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doubledee

Where to save Files?

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If I allow Users to uploads their photographs to my website - to be displayed as avatars - then WHERE should I store the images?

 

And what kinds of things do I need to be mindful of from a security standpoint?

 

Thanks,

 

 

Debbie

 

 

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the image in a folder named surprisingly enough - avatars. and the name in your db

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I like to make a directory inside my "images" folder for each person who registers using the username.  Same for files.  Then if a user is removed or a question arises about an image or file, it is easily found.  This also helps avoid duplicate names.

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I like to make a directory inside my "images" folder for each person who registers using the username.  Same for files.  Then if a user is removed or a question arises about an image or file, it is easily found.  This also helps avoid duplicate names.

 

That would be insane if you have 20,000-30,000 Users?!

 

Um, what I was getting at was this...

 

From a security standpoint, do I store the Images in the Web Root/Document Root?

 

And does it hurt if my website files are also stored in the Web Root/Document Root?

 

My Database Config file will be outside of the Web Root.

 

 

Debbie

 

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1. As to file location, fairly certain most sites do NOT place the images above the root.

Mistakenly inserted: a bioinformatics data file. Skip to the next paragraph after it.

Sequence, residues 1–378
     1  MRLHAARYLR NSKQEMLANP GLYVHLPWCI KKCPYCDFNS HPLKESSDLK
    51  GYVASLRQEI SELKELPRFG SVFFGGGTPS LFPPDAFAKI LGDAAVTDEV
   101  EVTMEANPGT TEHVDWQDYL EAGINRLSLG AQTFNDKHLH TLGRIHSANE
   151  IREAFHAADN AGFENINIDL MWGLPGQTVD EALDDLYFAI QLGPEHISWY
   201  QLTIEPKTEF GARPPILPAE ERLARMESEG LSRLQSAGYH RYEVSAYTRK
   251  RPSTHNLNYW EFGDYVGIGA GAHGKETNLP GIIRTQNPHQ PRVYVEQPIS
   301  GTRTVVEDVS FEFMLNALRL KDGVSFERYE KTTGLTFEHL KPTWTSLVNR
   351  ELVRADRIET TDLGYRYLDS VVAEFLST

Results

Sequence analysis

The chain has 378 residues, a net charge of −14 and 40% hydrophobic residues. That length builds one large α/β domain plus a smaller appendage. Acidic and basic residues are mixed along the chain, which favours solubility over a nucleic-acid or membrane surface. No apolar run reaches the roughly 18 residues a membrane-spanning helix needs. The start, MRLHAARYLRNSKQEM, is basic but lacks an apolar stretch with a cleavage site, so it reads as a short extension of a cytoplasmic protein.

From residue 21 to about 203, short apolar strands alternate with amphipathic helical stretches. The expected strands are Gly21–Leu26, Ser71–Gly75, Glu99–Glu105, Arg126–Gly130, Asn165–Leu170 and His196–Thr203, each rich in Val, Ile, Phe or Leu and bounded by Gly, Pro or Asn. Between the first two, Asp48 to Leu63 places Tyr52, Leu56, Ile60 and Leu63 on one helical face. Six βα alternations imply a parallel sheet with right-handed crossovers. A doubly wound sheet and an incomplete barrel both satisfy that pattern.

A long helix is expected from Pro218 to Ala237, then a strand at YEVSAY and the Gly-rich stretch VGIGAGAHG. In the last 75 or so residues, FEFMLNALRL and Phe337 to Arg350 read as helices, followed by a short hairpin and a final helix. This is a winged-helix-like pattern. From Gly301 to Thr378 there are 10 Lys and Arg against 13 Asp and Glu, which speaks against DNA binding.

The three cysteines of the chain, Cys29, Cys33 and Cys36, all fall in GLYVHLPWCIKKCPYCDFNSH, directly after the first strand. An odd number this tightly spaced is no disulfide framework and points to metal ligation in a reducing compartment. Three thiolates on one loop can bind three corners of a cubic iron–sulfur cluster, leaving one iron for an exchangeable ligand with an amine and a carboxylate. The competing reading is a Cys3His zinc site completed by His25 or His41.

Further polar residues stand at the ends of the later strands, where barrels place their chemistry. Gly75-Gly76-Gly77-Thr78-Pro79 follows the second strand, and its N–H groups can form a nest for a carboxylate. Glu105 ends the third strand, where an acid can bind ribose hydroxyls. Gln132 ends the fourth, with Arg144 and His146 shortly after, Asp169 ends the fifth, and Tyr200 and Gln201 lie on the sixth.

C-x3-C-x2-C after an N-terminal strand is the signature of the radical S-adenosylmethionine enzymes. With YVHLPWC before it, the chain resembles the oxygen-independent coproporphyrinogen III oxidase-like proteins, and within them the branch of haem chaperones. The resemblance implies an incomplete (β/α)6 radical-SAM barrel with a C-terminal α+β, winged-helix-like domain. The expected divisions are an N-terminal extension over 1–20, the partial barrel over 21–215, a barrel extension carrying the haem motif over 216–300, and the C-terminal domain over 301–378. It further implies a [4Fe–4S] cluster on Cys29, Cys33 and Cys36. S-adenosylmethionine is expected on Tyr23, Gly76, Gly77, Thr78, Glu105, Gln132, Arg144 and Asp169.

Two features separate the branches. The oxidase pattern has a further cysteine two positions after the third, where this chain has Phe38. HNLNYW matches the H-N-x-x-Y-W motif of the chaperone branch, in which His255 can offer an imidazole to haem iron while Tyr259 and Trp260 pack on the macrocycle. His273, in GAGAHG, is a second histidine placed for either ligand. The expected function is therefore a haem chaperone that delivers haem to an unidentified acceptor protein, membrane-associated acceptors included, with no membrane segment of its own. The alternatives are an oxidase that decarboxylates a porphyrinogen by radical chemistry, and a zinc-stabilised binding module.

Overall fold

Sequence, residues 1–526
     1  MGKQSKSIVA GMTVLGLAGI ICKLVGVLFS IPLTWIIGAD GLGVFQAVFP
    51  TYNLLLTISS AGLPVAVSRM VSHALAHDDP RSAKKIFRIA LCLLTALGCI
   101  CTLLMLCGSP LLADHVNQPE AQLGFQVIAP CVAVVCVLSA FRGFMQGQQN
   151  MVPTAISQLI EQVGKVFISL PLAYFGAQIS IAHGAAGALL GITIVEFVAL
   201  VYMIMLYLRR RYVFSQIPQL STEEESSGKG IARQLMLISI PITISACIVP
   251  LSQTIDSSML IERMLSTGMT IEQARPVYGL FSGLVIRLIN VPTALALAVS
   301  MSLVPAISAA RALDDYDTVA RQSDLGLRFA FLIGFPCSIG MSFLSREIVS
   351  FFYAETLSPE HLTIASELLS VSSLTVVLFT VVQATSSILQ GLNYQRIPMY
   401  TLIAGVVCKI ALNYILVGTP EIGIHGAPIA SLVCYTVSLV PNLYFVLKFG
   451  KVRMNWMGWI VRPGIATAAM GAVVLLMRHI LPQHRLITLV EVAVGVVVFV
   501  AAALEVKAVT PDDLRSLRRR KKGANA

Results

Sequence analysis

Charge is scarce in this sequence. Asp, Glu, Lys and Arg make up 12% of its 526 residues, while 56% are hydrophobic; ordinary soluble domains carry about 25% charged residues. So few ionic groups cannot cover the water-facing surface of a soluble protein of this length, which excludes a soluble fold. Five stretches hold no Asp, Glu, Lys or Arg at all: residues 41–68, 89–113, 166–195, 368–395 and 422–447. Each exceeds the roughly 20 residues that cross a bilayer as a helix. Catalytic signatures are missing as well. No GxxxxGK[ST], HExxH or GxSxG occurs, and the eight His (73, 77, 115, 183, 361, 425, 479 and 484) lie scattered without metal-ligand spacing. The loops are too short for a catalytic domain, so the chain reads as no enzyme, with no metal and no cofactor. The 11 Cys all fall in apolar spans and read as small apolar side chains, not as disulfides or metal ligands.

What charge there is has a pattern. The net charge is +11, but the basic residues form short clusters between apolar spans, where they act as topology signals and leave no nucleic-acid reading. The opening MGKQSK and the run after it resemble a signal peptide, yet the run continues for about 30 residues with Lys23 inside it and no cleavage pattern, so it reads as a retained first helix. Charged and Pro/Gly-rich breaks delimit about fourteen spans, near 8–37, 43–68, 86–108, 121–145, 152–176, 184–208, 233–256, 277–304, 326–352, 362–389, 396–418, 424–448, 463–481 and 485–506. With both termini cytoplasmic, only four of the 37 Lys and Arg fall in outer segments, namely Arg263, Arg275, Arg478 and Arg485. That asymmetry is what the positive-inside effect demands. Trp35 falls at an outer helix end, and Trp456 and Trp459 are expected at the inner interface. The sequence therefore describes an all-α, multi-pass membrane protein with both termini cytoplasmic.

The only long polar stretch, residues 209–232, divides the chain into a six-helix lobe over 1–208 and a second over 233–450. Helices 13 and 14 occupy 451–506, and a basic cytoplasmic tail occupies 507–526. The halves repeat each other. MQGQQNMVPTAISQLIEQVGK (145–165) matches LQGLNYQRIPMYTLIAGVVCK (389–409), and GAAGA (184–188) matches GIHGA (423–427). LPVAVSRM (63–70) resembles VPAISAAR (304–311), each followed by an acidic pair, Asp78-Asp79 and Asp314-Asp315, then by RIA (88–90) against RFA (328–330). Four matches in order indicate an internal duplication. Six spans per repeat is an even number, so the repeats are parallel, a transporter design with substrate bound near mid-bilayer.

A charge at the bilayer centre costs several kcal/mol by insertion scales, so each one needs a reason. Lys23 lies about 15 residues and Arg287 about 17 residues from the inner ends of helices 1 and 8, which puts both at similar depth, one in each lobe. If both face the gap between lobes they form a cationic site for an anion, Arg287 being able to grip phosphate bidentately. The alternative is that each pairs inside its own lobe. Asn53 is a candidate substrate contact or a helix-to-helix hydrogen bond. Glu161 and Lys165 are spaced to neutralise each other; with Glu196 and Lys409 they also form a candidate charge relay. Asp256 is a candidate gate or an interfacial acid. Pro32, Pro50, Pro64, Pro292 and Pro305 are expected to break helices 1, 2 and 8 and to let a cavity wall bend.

2. As to the images themselves, I read an article not long ago about 'sanitizing' images by using GD to convert the image to a BMP then back to original format. Resizing and renaming were also mentioned.

 

Like legal advice, you may ask 1,000 experts on how to do something and you will likely get 1,000 methods. There comes a point where commonsense and practicality must take over.

 

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1. As to file location, fairly certain most sites do NOT place the images above the root.

 

But does it hurt storing User images in a temp folder located in my Web Root??

 

 

2. As to the images themselves, I read an article not long ago about 'sanitizing' images by using GD to convert the image to a BMP then back to original format. Resizing and renaming were also mentioned.

 

Can you recommend any tutorial or working examples?

 

I have no clue where to begin on this task...  :-[

 

 

Like legal advice, you may ask 1,000 experts on how to do something and you will likely get 1,000 methods. There comes a point where commonsense and practicality must take over.

 

Well, since I am a newbie, I don't have much to go off of, and I am concerned about screwing this up and jeopardizing my website's security?!

 

 

Debbie

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That would be insane if you have 20,000-30,000 Users?!